For Jeffrey, the farm poses challenges well-suited to his interests. “I am very business-minded,” he says, “and I want to get this business working in order to have a social impact.” Eventually, he hopes to offer programming, educating students about sustainable growing practices. The experimental nature of the work likewise motivates Jeffrey and his team, which include his wife, Julia, and their partner, Andy. As Andy says, “The whole place is a giant experiment.” Their experiments have yielded a fascinating and delicious range of crafted crops including African kale, papalo, Japanese shiso, bronze fennel, red-veined sorrel, and their own “Nashville Blend Lettuce.”
More than anything, Jeffrey and his team are motivated by customers’ enthusiasm. “People think it’s awesome that year-round food can come from under five miles away. People loving a product we’ve put our love into—that’s the most rewarding part.”
KY HYDRO FARM
Jerry Wyatt and his son, Matt, come from a long line of Kentucky farmers. About ten years ago, the pair began to brainstorm better uses for the greenhouses on their property. They soon adopted hydroponics, learning what they could from whatever sources they could find to grow tomatoes. As Matt says, “By growing inside, we make a microclimate and fool the plants so they are happy all the time.”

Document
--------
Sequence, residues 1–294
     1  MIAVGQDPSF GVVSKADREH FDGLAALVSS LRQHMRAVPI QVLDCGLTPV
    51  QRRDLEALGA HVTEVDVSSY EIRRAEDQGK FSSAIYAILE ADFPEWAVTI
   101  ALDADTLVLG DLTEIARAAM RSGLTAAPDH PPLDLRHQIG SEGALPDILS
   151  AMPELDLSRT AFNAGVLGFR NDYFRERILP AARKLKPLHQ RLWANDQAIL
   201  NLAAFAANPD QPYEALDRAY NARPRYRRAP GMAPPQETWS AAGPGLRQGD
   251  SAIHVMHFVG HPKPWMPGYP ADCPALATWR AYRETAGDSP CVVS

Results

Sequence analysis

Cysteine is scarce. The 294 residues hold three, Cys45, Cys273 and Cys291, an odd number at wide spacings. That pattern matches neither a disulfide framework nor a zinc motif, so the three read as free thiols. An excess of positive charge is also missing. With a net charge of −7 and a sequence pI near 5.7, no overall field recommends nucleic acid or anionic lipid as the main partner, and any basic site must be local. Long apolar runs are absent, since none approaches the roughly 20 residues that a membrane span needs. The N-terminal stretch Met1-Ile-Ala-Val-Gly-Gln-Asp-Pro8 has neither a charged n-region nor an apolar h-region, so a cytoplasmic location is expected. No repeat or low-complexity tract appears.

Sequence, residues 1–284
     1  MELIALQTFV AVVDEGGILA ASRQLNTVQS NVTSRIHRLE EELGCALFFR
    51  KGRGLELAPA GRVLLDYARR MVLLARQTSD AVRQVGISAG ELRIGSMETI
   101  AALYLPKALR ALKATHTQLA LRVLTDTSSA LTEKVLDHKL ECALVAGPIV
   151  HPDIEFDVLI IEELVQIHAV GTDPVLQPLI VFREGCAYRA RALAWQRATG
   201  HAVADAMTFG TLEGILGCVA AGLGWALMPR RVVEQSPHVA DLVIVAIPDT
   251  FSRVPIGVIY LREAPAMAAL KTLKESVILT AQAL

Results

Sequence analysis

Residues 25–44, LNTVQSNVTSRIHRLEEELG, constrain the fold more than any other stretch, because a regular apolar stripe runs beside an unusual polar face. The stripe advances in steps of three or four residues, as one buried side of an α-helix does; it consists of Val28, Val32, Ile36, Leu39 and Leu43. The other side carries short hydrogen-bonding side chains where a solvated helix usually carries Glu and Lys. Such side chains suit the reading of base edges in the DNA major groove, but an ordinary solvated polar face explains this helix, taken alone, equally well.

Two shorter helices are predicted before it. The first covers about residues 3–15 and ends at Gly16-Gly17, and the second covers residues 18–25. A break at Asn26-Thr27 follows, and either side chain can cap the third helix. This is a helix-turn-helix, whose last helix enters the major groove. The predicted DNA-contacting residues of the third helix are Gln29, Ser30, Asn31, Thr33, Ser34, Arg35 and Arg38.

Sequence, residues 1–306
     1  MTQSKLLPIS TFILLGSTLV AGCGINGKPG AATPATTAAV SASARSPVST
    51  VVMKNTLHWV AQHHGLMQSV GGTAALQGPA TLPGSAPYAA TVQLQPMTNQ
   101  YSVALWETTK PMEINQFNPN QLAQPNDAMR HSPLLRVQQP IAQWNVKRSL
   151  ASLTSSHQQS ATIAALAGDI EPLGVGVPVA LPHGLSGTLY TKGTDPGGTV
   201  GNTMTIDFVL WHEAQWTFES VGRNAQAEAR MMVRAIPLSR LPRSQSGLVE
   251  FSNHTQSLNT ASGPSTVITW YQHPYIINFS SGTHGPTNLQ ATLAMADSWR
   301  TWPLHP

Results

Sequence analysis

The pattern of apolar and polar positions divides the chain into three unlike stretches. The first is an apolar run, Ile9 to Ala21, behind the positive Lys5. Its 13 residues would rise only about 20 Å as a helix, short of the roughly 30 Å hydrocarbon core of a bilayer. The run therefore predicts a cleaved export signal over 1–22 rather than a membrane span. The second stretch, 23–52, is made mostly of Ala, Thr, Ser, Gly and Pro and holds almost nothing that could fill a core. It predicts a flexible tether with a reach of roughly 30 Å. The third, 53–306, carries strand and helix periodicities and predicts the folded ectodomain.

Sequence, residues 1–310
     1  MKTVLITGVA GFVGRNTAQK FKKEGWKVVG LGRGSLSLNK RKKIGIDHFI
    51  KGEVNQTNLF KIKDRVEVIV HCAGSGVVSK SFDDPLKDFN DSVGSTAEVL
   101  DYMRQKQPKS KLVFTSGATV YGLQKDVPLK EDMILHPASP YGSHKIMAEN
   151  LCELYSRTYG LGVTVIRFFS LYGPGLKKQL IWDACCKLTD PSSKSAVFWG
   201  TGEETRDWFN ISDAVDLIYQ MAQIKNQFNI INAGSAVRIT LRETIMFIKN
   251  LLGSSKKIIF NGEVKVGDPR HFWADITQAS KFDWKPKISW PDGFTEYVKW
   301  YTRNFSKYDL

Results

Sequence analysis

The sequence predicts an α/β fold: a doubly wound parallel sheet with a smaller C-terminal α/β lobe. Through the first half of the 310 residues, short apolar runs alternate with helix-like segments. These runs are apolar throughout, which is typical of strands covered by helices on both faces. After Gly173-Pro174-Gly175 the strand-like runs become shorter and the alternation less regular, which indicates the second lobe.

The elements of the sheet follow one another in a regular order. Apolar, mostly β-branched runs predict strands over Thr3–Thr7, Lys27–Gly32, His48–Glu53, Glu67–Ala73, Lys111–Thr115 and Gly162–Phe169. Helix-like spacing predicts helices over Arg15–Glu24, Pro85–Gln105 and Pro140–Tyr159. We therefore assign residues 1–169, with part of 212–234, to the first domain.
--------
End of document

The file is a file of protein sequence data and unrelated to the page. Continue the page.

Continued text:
Amid their success, the Wyatts faced an unexpected challenge in finding a customer base. “At first,” says Matt, “customers had a negative conception: ‘Tomatoes produced in a greenhouse? That can’t be good.’ But once they try it, they change their mind. These days 75-80% of our customers come because we grow hydroponically. The quality is far superior to anything trucked in from far away, which takes the freshness out of it.”
Vanderbilt-trained mechanical engineer, Hassan Sharaff, moved to Nashville in 2016 to open HydroHouse Farms. After years in the corporate world, he decided to do hydroponic food production where he could grow high volumes of quality food in relatively small areas while also saving a lot of water in the process. Nashville was the perfect location as the population is rapidly expanding and space is becoming more limited.